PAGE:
The plasma-membrane H+-ATPase from beet root is inhibited by a calcium-dependent phosphorylation
- 193 Downloads
Several plasma-membrane proteins from beet root (Beta vulgaris L.) have been functionally incorporated into reconstituted proteoliposomes. These showed H+-ATPase activity, measured both as ATP hydrolysis and H+ transport. The proton-transport specific activity was 10 times higher than in plasma membranes, and was greatly stimulated by potassium and valinomycin. These proteoliposomes also showed calcium-regulated protein kinase activity. This kinase activity is probably due to a calmodulin-like domain protein kinase (CDPK), since two protein bands were recognized by antibodies against soybean and Arabidopsis CDPK. This kinase phosphorylated histone and syntide-2 in a Ca2+-dependent manner. Among the plasma-membrane proteins phosphorylated by this kinase, was the H+-ATPase. When the H+-ATPase was either prephosphorylated or assayed in the presence of Ca2+, both the ATP-hydrolysis and the proton-transport activities were slower. This inhibition was reversed by an alkaline-phosphatase treatment. A trypsin treatment (that has been reported to remove the C-terminal autoinhibitory domain from the H+-ATPase) also reversed the inhibition caused by phosphorylation. These results indicate that a Ca2+-dependent phosphorylation, probably caused by a CDPK, inhibits the H+-ATPase activities. The substrate of this regulatory phosphorylation could be the H+-ATPase itself, or a different protein influencing the ATPase activities.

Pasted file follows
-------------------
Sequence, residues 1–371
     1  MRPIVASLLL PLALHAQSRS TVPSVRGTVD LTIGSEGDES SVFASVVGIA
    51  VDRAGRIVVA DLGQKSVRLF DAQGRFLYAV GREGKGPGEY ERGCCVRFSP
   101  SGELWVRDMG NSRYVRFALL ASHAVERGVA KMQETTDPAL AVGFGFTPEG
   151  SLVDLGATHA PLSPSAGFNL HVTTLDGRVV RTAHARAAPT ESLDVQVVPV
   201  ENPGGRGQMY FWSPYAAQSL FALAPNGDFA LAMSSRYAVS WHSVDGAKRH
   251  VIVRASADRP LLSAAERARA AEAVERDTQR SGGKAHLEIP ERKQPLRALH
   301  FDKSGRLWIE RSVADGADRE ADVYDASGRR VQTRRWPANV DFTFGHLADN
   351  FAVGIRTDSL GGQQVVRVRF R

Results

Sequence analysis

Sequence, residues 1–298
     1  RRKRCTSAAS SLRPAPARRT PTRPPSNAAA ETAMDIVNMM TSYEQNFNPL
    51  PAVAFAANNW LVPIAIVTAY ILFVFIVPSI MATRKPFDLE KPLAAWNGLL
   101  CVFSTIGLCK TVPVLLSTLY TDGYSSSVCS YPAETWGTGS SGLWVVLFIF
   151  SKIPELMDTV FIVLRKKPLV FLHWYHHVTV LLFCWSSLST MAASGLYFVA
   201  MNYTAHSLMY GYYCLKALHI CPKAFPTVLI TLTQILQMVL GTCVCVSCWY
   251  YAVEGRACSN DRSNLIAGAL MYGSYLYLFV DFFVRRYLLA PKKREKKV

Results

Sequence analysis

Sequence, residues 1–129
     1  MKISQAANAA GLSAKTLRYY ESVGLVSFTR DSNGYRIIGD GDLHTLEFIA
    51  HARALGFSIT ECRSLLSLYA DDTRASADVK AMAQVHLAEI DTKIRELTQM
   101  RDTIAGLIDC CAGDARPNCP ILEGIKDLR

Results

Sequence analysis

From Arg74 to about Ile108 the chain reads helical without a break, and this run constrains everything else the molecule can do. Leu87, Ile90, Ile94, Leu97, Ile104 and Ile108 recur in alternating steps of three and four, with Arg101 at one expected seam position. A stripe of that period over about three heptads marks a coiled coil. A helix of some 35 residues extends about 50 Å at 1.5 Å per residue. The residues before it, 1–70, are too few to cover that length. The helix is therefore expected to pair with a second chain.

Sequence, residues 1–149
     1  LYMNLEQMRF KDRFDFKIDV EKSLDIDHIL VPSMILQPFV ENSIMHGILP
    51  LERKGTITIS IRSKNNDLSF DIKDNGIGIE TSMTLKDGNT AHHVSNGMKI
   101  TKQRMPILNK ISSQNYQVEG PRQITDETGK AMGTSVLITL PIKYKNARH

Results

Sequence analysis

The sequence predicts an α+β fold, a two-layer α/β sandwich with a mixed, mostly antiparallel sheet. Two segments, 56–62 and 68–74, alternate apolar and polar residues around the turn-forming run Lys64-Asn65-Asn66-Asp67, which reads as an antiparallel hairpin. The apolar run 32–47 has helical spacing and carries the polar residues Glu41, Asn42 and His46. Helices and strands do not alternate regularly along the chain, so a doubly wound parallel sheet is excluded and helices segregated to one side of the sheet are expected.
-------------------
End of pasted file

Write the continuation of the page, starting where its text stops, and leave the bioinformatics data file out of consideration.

Unable to display preview. Download preview PDF.